“Well, confronting that woman always leads to hardship,” Father Hubley nodded. “But I’ve known many people to do it all the same.”
“Why don’t you come back on Sunday morning? You might find that you’re not as alone as you think.”
With that, Father Hubley got to his feet and after kneeling before the altar he headed back to the front of the church. Dwayne sat alone in the pew.


Dwayne made his way back to the side of the road where he had left his father and their truck. To his surprise, his father was just getting out of the car and heading in his direction.
“Where are you going?” the man was shouting. “You just wrecked the car! This is no time for a jog through the woods!”
“Just wrecked---But I already went and came back,” the boy replied.
“So you jumped out of the car to run ten feet?”
Dwayne hadn’t thought about it until this moment, but he must have been at Saint Patrick’s Church for an awfully long time. He’d helped them to make dinner and then sat down to eat with them. That would have taken an hour at least.
Suddenly a passage from one of Fiona’s books came to his mind. She had stated that sprites could open gates through dimensions that people could accidentally step through. Had he been in the fairy realm? Had he just stepped through it and somehow been displaced from normal time?
Either way, it made it seem all the more impossible that he’d ever see the church again.

Story and Characters (C) SuperheroGeek13

Realm of Rachana

"Agh, this is old. Though I don't think I have anything for this story elsewhere. First person, present tense! Not my strong suit."

Chapter One: The Siege Led by the Black Knight

My fingers dash across the keyboard purely on muscle memory because my eyes and my focus are both entirely on my computer screen. My character dashes through the thick forest with Gwen running beside him. The effects in this game are really quite remarkable. Gwen’s long flowing blond hair and silken green dress billow behind her very realistically as she pulls ahead of me. She must be wearing the magic boots.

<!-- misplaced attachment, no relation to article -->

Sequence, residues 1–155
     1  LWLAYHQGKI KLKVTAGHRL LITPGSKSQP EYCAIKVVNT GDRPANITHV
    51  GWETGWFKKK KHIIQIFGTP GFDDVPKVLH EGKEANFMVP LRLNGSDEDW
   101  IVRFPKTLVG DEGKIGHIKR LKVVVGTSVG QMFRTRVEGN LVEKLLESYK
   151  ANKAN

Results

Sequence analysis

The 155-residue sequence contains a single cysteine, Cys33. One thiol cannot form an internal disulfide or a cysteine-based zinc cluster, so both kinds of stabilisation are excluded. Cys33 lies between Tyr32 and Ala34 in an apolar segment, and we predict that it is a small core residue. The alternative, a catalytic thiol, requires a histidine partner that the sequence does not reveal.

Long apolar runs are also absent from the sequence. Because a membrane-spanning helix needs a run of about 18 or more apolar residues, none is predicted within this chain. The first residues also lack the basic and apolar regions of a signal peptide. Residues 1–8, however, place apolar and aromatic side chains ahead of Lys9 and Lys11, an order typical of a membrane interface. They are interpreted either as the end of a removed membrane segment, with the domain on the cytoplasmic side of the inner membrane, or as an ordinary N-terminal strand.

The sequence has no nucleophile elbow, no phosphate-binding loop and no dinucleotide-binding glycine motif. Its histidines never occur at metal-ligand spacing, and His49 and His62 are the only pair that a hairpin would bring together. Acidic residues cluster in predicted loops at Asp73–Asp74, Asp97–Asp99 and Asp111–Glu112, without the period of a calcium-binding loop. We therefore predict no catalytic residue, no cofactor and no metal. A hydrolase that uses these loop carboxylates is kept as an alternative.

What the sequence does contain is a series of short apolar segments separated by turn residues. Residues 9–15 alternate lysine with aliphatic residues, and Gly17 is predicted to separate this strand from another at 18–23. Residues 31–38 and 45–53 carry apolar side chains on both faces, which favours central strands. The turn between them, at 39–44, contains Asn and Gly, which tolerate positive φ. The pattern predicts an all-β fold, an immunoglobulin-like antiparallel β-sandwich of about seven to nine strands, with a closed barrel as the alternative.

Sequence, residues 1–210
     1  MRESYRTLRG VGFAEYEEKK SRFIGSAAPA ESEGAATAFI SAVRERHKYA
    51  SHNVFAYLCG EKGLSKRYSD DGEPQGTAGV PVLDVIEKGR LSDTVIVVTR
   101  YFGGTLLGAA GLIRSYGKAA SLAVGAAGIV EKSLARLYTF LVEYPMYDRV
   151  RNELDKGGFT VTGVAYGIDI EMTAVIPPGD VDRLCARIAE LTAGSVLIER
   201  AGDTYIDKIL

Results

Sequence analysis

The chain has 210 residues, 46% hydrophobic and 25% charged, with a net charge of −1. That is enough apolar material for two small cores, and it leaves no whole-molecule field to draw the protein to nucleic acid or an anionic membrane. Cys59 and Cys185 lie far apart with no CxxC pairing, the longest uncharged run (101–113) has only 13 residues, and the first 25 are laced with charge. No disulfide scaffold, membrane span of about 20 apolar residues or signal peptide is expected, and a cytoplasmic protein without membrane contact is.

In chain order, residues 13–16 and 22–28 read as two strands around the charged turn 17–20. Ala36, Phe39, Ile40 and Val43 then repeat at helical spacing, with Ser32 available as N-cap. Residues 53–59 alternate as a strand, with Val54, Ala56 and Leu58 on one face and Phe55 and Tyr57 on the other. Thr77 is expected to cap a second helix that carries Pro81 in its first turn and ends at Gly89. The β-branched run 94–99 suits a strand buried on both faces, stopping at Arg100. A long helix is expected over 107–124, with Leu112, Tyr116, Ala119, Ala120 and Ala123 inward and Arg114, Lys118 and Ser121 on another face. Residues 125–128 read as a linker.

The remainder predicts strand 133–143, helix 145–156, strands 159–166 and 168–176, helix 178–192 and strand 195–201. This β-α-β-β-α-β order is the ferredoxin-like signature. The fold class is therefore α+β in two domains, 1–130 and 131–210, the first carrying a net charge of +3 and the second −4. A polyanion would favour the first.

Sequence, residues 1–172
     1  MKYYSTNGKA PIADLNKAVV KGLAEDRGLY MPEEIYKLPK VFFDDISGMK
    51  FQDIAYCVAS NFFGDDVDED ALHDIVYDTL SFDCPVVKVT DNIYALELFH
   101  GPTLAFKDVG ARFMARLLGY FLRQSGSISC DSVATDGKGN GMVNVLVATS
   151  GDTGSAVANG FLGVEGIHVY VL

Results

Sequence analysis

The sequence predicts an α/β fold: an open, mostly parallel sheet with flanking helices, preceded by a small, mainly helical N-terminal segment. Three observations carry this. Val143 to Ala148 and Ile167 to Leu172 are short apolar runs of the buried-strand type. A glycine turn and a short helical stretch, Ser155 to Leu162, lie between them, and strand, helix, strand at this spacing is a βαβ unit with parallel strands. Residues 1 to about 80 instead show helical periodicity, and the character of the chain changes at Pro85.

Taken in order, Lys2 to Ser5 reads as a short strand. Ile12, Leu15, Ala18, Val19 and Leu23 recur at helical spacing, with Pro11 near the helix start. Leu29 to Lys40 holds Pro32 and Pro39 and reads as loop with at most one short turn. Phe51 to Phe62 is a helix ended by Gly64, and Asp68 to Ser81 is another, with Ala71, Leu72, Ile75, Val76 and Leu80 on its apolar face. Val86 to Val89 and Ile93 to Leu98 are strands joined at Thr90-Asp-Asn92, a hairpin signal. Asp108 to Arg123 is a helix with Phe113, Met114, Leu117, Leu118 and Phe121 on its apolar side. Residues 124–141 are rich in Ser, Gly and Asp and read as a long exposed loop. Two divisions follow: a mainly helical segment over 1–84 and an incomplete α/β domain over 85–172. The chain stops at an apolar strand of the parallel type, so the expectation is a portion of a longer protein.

A river comes into view just ahead of us. That must be where she was leading us. After all, we are being chased by a fire wizard. Speaking of which, I wonder if he’s gaining on us. I scroll my point of view around and see that the wizard is only a few feet away. In fact, he’s throwing another barrage of fire balls at us. I call out to Gwen through my headset as I dodge the attack. I try to turn back around to watch where I’m going, but now the camera is spinning and I’ve lost all sense of direction.
I swivel the camera back around and catch sight of the river again. Gwen is running that way. I dive into the water just behind her with a loud splash and the muffled sound of running water filling my ears.
My head pops back up to the surface and I spot Gwen standing on the shore hiding from the wizard behind a tree. She spots me bobbing in the water and takes time to roll her eyes at me.
“Any bright ideas, sir?” Gwen asks sarcastically.
“How was I supposed to know that he was a fire wizard?” I demand. Those kinds of stats aren’t available to the general public after all.
The wizard reaches the river and starts throwing more fireballs at me. I duck beneath the water again and the fire hits harmlessly above me. I resurface, wishing that I had become a water wizard so that I could breathe underwater.
Apparently the wizard didn’t see Gwen over to his left because he walked right past her. The sleeves of his long red robe are singed as he forms even larger fire balls above his hands.
I type the action into my keyboard five times before I notice the “Cannot Draw Sword” warning in the corner of the screen. Why can’t I draw it? What am I doing wrong?
“Do you really think that water will protect you from a level 38 wizard, dude?” he taunts through my headset. I have to learn how to change that proximity setting.
“Seems to be working so far, hotshot,” I come back. Weak…
The fire above the wizard’s hands turns blue and completely engulfs his arms. “Noob!” he shouts. “Watch how fast your health meter goes down when I boil the river away!”

Story and Characters (C) SuperheroGeek13 and GamerintheZone

Athol - Ciar's First Date